Northwest American producer Borealism (who spends time in Portland, OR and Sandpoint, ID) has been soundtracking a great deal of my 2017. With a series of loose instrumentals scattered throughout SoundCloud, the ambient compositions are equal parts relaxing and adventurous. Like meditating on an airplane before skydiving into the sea. To further compliment this year's singles, Borealism has now released the album Ripples in the Stream, a full-length via Inner Ocean Records. While it's available digitally, it can also be purchased on cassette and vinyl. In honor of the release, I spoke with Borealism about the album, the creative process, and plenty of powerful advice.
How long have you been working on Ripples in the Stream?
It began about a year ago. I really started to make some breakthroughs last summer that led me to ideas that would later become part of the album. It was also then I began thinking seriously about what my next release would become.
In the between time, you released a heap of loose tracks. Did you see those singles as being separate from the style of your album?
The period of time from the fall of last year through the spring/early summer of this year was a very productive one for me. Most of the tracks on the album were completed before February but had to be patient while it was being mastered and we figured out what time of the year would be good to release it. I knew I really liked the way the tracks in RITS flowed and didn't want to change it. I'm always learning and wanting to try out new ideas so it was only natural to spend my time continuing to grow and perfect my craft as I waited to show this release to the world. In a way, I feel like every track is different from each other because I always learn something new with every track.
All of the past singles featured art from Moebius, but what can you tell me about the art for Ripples in the Stream? It seems to contain similar fantastical elements.
So the art was made by my friend Barney Dwyer who also appears on the album as a collaborator on the track called "Subshield". I've been a fan of his visual work for a while and I had confidence in him to make something great. I didn't give him many instructions or ideas because I wanted his art to be reflection of the impression he got from the album. I couldn't be more pleased with the result; it speaks to the ethereal and mystical, dream-like places the album explores.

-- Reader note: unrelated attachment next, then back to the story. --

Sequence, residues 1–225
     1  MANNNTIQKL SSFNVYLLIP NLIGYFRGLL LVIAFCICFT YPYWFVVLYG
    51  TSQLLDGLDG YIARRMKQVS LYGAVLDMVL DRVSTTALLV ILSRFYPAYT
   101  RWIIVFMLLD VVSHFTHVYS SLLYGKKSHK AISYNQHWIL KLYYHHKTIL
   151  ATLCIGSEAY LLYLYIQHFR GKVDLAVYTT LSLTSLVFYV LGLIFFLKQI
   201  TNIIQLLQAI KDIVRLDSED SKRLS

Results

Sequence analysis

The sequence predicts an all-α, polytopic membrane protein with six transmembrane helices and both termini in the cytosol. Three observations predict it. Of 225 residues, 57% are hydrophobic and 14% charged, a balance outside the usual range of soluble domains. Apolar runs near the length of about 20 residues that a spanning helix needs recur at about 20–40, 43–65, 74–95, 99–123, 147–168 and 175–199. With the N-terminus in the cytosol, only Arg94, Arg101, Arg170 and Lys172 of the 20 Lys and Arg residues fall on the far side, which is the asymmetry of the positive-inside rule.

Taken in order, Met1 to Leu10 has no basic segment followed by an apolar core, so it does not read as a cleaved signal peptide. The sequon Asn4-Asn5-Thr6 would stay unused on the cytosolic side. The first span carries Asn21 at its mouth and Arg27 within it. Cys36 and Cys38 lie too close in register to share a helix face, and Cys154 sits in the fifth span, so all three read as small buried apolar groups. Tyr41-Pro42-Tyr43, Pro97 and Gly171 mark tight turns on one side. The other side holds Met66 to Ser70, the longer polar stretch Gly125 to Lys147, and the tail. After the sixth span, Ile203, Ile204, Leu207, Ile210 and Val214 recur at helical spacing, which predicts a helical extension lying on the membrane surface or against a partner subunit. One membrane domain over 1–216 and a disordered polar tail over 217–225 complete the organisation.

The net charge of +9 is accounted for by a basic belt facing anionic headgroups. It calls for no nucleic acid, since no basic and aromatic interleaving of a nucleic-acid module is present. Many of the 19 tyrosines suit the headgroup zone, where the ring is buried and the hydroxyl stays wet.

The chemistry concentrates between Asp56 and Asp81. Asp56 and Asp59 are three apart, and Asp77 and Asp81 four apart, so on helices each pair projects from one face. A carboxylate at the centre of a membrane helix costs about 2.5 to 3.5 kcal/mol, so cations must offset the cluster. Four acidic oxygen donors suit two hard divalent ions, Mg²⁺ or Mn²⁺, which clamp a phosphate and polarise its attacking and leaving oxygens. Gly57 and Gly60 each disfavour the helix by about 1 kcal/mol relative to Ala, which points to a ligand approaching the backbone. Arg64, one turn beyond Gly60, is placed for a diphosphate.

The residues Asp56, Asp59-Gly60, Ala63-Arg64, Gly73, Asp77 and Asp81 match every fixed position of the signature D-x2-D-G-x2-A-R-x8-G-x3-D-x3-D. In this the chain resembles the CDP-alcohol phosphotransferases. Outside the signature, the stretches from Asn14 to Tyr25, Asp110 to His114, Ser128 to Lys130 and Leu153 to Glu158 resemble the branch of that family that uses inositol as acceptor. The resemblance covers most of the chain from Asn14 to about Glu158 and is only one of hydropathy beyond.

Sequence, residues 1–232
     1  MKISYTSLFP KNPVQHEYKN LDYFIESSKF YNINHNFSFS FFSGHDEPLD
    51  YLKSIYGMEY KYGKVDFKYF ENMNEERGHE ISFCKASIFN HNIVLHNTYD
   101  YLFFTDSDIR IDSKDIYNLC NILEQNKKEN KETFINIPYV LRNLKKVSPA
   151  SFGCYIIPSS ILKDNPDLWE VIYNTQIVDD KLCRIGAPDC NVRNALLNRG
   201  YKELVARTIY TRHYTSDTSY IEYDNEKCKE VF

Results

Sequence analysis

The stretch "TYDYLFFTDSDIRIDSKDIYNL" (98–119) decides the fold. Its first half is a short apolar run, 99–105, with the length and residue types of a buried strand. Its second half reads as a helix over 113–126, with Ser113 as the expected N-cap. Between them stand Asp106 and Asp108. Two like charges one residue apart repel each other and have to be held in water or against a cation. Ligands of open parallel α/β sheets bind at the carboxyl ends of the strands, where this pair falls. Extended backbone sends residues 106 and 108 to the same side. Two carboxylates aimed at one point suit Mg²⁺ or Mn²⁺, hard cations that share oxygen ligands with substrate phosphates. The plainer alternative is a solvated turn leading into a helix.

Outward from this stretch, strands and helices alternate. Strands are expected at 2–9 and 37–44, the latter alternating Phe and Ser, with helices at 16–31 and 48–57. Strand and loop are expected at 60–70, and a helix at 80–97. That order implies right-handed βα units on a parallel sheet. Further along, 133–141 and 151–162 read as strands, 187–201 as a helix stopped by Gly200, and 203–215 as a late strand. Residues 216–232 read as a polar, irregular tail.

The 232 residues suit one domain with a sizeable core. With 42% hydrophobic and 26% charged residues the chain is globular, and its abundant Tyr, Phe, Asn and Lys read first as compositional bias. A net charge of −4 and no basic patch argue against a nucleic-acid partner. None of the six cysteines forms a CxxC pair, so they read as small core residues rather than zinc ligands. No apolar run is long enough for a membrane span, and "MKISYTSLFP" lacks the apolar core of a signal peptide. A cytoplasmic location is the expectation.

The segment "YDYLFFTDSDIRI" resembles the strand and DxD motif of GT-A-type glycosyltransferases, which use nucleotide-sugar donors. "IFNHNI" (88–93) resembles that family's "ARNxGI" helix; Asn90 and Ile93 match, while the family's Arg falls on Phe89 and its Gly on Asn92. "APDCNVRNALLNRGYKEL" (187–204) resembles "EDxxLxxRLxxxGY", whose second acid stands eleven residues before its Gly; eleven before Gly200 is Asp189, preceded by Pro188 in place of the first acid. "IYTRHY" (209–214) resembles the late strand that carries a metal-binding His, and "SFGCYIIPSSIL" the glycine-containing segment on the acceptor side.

From ambient to lofi to acoustic guitar, can you speak on your evolving and freeforming sound over the years?
It's been a long road from 2011 when I first started producing and uploading chiptune music onto SoundCloud. Though my musical taste has evolved vastly over the 6 years I've been producing, the drive to improve my skills has only grown stronger with time. The more I learn, the more I see is possible, and the more I believe I can attain the mastery I seek. My greatest accomplishment for me over that time has been integrating my instrumental abilities with guitar, piano, and vocals into my production. When I got into making lo-fi instrumentals, I originally relied heavily on samples in my compositions and when I started being able to stand on my own I felt more free with my vision of what I could do.
You keep it short and sweet with eleven tracks for your album. Did you know all along you wanted it around that length, or did you cut a bunch of original drafts?
I wasn't really paying attention to a particular amount of tracks on the release, but I knew i wanted it to be around 30 minutes in length. It just so happened the batch of tracks I ended up selecting fulfilled the length I wished for and also had a cohesive arc between them. I think 30 minutes is a great runtime for a record; long enough to take the listener on a journey; and short enough to for into the daily routine.
What influenced/inspired you during the making of this project?
The months over which I made this album was a very bittersweet time in my life. My grandfather passed on November 3rd of last year and I had moved to Portland, Oregon to help take care of him in hospice. The beginning of the album is very dark and turbulent, reflecting much of what I felt after my intimate experience with the dying process. However, out of such experiences a peculiar appreciate of life can arise. Bearing witness to death gave me gratitude for life. So in effect, I wanted the album to take an upward swing from the first half to provide resolution.
Do you have anything planned for the remainder of the year?
I'm not really sure what the rest of the year will bring! I'll likely be working through the winter, or I might go to Norway for a few months and work with my father. No matter what happens, I'll be making music all along the way.
Do you have any final thoughts / words of wisdom? Any additional bits of info I didn't mention?
I want to say a big thank you and shout out firstly to Sam Johnson aka Brother Mynor for the job he did with mastering this record for me. He spent a very long time to make sure everything sounded as clean as possible and I felt very assured of the album's quality with him on the job. Secondly I want to thank Cory Giordano, founder of Inner Ocean Records, for making this vision come to reality. There were times when we both thought a vinyl release wasn't going to be possible but he worked hard on my behalf to make sure this album got the release he thought it deserves. I'm very grateful to have people like these two in my corner - couldn't have done it without them. Lastly, I just want to tell everyone that anything is possible if you try for it. It's a phrase that we hear all the time and often feels cliche, yet it is 100% true. We are the result of what we put into motion with our actions and thoughts, so make sure you tell yourself you can accomplish your goals and remain positive if it is taking time to get there.